Kiwi fruit is a significant allergen and is associated with differing patterns of reactivity in children and adults

Clin Exp Allergy. 2004 Jul;34(7):1115-21. doi: 10.1111/j.1365-2222.2004.01982.x.


Background: Allergy to kiwi fruit appears increasingly common, but few studies have evaluated its clinical characteristics, or evaluated methods of investigating the allergy.

Objective: To characterize the clinical characteristics of kiwi fruit allergy and to study the role of double-blind placebo-controlled food challenge (DBPCFC), skin tests and specific IgE in the diagnosis of this food allergy.

Methods: Two-hundred and seventy-three subjects with a history suggestive of allergy to kiwi completed a questionnaire. Forty-five were investigated by DBPCFC, prick-to-prick skin testing with fresh kiwi pulp, and specific IgE measurement. Nineteen subjects were also skin tested using a commercially available solution.

Results: The most frequently reported symptoms were localized to the oral mucosa (65%), but severe symptoms (wheeze, cyanosis or collapse) were reported by 18% of subjects. Young children were significantly more likely than adults to react on their first known exposure (P<0.001), and to report severe symptoms (P=0.008). Twenty-four of 45 subjects (53%) had allergy confirmed by DBPCFC. Prick-to-prick skin test with fresh kiwi was positive in 93% of subjects who had allergy confirmed by DBPCFC, and also in 55% of subjects with a negative food challenge. The commercial extract was significantly less sensitive, but with fewer false-positive reactions. CAP sIgE was only positive in 54% of subjects who had a positive challenge.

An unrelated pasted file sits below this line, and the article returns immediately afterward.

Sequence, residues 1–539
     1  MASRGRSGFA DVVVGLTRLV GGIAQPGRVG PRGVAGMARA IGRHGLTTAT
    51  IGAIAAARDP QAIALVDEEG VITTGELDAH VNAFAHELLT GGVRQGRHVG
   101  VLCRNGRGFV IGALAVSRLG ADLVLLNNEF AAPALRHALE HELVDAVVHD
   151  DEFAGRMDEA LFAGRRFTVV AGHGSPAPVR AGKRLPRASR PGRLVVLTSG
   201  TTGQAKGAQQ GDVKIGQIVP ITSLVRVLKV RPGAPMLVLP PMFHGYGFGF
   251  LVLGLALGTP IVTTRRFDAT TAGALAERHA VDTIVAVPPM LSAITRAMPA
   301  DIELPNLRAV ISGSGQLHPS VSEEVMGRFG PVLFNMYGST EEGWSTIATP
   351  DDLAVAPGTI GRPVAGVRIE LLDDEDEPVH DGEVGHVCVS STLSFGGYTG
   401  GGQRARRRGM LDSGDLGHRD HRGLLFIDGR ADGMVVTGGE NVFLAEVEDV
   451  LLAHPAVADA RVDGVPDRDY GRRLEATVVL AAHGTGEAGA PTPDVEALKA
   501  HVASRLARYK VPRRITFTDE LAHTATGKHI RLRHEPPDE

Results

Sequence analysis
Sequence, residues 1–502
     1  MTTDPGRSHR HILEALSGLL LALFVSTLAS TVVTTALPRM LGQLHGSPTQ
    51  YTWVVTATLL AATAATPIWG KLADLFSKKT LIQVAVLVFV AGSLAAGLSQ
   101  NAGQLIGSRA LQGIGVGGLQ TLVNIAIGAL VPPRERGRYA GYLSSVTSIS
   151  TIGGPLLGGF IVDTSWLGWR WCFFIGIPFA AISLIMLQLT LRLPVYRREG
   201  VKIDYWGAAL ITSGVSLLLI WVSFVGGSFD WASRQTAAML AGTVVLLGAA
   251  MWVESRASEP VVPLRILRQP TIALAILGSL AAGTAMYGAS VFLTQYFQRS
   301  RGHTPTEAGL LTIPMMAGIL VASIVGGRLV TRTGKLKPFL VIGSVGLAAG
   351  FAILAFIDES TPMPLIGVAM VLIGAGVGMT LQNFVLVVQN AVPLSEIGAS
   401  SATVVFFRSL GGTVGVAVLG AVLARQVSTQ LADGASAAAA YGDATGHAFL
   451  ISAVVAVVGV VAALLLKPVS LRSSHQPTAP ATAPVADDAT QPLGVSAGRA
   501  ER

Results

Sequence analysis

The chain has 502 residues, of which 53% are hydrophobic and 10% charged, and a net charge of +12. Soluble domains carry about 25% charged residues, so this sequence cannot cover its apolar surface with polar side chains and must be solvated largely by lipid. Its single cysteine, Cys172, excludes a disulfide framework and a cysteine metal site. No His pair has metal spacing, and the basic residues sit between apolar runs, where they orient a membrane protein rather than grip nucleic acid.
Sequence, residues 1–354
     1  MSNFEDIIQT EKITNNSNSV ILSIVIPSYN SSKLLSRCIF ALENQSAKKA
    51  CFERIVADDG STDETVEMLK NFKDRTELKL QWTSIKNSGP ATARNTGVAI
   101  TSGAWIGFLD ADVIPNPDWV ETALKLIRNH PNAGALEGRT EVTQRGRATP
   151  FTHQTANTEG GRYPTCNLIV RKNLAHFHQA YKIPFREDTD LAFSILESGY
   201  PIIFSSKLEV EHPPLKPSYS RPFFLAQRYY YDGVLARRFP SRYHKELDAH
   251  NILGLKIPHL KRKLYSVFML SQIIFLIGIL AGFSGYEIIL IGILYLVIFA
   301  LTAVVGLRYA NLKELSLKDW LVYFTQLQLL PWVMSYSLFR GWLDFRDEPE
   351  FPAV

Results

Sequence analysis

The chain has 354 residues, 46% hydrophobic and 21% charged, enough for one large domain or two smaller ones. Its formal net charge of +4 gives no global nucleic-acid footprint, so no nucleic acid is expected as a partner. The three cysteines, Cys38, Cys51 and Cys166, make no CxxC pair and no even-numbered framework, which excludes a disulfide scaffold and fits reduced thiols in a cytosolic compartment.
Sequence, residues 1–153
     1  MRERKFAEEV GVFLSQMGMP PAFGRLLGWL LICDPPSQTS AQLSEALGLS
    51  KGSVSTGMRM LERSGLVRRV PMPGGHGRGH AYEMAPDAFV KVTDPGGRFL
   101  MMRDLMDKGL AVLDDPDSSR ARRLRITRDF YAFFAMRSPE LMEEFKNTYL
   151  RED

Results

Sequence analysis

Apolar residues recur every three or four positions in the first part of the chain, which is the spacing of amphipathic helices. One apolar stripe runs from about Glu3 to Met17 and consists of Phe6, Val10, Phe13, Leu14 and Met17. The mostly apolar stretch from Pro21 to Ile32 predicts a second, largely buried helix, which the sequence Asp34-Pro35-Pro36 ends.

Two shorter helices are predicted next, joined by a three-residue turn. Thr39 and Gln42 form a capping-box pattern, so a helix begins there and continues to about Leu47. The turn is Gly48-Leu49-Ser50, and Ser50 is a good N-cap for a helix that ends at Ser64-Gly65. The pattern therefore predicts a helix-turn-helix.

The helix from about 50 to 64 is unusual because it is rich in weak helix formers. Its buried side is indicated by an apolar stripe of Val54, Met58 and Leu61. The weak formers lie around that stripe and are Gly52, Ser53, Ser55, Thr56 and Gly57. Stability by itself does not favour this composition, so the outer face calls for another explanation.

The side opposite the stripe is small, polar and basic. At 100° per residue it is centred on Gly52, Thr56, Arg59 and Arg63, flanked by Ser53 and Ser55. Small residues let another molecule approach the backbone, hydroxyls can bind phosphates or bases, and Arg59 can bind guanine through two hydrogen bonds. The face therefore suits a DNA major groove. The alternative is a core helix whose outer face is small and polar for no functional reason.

Conclusions: Kiwi fruit should be considered a significant food allergen, capable of causing severe reactions, particularly in young children. DBPCFC confirmed allergy to kiwi fruit in 53% of the subjects tested, who had a previous history suggestive of kiwi allergy. Skin testing with fresh fruit has good sensitivity (93%), but poor specificity (45%) in this population. CAP sIgE and a commercially available skin test solution were both much less sensitive (54%; 75%) but had better specificity (90%; 67%).

Publication types

  • Research Support, Non-U.S. Gov't

MeSH terms

  • Actinidia*
  • Acute Disease
  • Adult
  • Allergens / administration & dosage*
  • Chi-Square Distribution
  • Child
  • Cyanosis / immunology
  • Double-Blind Method
  • Food Hypersensitivity / diagnosis*
  • Food Hypersensitivity / immunology
  • Humans
  • Immunoglobulin E / blood
  • Mouth Mucosa / immunology
  • Predictive Value of Tests
  • Respiratory Sounds
  • Skin Tests


  • Allergens
  • Immunoglobulin E